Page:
We attempted the airport seven times in all, on August 19, 20, 21, and 22. The evening of August 22 a miracle happened – a stranger offered, for a fee, to accompany us to a different gate where there were no Taliban that night. We agreed and decided to trust him, following his lead.

    When we reached the gate (Camp Baron), we saw the same situation, but our guide said that if we had valid documents we could definitely pass the wall as those soldiers (the Australian Army) check carefully. We said, yes, we have valid documents, so he had us follow him to the actual gate. We walked over thirty minutes in a very narrow, dark, and complicated path. I was very scared, worrying perhaps this man is a fraud trying to scam us; there was no crowd this way; it was a completely new place for me, although we had lived in Kabul many years.

    We eventually found that our guide was honest, there was another path where there was no Taliban, no gunfire, and initially no crowd as it had been recently opened. Many people were there, wishing to enter the gate. The international troops were checking documents and letting people inside the airport.

    We easily reached the Australian forces and showed our documents, and entered past the wall inside the airport. When we reached the other side of the wall, we were overjoyed, thinking that we would fly out immediately. But once again, disappointments engulfed us.

    The Australian officials put us in a car and drove us to a military camp where we had to sleep on dust and wait for days without food and water as we had lost our bag outside the airport. We were told to sleep there at night, that they will talk to us about our flights the next day. It was a very difficult night because I was wearing just a light dress when we passed through the gate, but we had to sleep on cold hard ground, without any kind of mattress or even a throw. In the morning we asked about flights, and they said we would need to wait because priority was given to Australian passport holders and permanent residents.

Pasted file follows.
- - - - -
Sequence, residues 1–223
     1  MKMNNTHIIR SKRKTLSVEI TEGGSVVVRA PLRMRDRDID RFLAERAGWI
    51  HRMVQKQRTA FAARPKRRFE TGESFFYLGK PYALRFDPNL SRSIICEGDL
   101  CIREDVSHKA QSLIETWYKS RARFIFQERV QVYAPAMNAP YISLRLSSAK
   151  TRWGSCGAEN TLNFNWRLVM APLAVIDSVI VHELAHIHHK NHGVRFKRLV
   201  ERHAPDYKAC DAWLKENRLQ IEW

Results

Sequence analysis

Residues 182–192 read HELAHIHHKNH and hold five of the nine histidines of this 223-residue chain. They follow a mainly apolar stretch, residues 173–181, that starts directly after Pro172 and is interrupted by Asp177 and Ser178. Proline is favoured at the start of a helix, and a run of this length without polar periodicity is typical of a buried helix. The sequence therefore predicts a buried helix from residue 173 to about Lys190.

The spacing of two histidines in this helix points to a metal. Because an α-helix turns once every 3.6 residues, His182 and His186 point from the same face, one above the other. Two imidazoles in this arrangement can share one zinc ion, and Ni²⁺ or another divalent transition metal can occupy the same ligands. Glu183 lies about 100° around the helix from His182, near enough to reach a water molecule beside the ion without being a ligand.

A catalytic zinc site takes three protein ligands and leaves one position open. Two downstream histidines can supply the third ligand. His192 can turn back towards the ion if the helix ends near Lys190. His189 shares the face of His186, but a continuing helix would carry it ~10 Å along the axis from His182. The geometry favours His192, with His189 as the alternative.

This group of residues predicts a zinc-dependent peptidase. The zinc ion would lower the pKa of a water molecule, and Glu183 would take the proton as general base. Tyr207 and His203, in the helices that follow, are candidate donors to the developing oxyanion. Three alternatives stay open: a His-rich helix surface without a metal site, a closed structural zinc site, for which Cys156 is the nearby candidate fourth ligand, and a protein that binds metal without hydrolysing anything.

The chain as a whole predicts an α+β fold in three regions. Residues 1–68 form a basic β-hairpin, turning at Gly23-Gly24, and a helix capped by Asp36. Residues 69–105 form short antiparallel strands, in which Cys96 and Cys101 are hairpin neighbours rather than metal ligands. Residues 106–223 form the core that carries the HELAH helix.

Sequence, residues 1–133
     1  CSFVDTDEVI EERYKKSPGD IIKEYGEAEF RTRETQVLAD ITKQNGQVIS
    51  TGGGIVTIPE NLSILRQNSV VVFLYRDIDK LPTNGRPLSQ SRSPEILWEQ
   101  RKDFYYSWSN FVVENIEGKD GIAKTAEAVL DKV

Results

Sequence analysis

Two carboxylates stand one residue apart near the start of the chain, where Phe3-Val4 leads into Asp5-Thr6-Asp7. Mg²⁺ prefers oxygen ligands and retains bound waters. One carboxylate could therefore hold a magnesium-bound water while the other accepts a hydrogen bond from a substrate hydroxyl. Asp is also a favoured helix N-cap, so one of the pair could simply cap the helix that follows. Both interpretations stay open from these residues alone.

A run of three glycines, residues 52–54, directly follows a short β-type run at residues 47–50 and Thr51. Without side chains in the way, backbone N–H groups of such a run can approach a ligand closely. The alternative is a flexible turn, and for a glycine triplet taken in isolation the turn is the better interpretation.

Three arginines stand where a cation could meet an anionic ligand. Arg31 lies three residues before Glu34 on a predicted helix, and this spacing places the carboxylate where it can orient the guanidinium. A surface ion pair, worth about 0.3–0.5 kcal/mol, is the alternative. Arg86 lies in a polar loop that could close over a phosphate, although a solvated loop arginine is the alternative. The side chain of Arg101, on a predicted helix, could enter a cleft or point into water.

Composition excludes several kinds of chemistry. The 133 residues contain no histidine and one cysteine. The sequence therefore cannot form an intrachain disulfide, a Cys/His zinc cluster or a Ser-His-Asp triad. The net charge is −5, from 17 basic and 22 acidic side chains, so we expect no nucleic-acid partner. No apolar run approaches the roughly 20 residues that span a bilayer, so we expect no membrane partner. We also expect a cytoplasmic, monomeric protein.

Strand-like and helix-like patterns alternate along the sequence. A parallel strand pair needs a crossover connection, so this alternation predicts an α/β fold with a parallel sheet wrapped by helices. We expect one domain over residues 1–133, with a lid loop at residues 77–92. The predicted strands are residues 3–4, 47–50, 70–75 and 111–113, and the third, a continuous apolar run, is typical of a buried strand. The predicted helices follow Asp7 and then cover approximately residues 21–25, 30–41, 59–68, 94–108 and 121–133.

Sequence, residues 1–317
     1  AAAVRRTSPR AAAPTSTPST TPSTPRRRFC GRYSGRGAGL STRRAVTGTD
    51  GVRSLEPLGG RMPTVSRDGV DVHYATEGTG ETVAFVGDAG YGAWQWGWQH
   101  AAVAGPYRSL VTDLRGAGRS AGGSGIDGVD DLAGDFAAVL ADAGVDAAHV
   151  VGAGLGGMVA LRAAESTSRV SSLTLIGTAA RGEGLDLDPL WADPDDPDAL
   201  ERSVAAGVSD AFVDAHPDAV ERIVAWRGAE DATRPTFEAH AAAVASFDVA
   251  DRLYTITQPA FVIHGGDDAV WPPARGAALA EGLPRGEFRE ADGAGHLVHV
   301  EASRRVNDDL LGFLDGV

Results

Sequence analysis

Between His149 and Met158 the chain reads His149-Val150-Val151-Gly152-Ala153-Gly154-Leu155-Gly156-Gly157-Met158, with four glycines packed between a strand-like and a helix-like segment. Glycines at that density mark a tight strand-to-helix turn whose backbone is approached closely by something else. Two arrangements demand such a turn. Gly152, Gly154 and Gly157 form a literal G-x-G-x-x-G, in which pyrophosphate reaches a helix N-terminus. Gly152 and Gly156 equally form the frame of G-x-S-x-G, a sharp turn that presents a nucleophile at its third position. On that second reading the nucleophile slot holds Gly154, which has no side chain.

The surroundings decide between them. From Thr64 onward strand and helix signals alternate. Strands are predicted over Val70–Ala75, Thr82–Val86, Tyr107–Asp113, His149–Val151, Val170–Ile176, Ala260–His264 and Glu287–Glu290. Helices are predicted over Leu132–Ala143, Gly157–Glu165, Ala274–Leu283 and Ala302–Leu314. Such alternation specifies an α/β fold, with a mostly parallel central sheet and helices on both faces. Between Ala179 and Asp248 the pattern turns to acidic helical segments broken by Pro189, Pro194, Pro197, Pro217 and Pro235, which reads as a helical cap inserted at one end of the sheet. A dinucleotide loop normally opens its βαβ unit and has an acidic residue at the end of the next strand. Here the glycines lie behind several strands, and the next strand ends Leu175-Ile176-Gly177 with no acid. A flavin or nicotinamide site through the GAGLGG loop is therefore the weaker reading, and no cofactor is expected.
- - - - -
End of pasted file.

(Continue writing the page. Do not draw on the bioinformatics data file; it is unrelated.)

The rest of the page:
I was upset because I did not even have an Australian visa, only my husband had. Every moment in that camp became emotionally harder than it was outside. The Taliban tortured us physically outside the airport and the strict rules for traveling to Australia tortured us emotionally. At 9:00 am on August 23rd Australian troops checked everyone’s documents and put blue bracelets on those who held Australian passports, or visas, but not for us. I talked several times with the officials, explaining that my husband is a resident of Australia, but they declined to help, responding that we should have a visa to take a flight.